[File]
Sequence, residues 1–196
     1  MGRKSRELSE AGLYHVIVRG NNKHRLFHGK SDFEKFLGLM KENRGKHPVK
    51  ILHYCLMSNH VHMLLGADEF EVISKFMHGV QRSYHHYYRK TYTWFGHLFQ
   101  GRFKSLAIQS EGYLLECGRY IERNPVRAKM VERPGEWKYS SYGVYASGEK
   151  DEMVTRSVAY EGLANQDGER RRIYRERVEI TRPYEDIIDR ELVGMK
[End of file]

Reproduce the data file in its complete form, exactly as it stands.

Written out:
Sequence, residues 1–196
     1  MGRKSRELSE AGLYHVIVRG NNKHRLFHGK SDFEKFLGLM KENRGKHPVK
    51  ILHYCLMSNH VHMLLGADEF EVISKFMHGV QRSYHHYYRK TYTWFGHLFQ
   101  GRFKSLAIQS EGYLLECGRY IERNPVRAKM VERPGEWKYS SYGVYASGEK
   151  DEMVTRSVAY EGLANQDGER RRIYRERVEI TRPYEDIIDR ELVGMK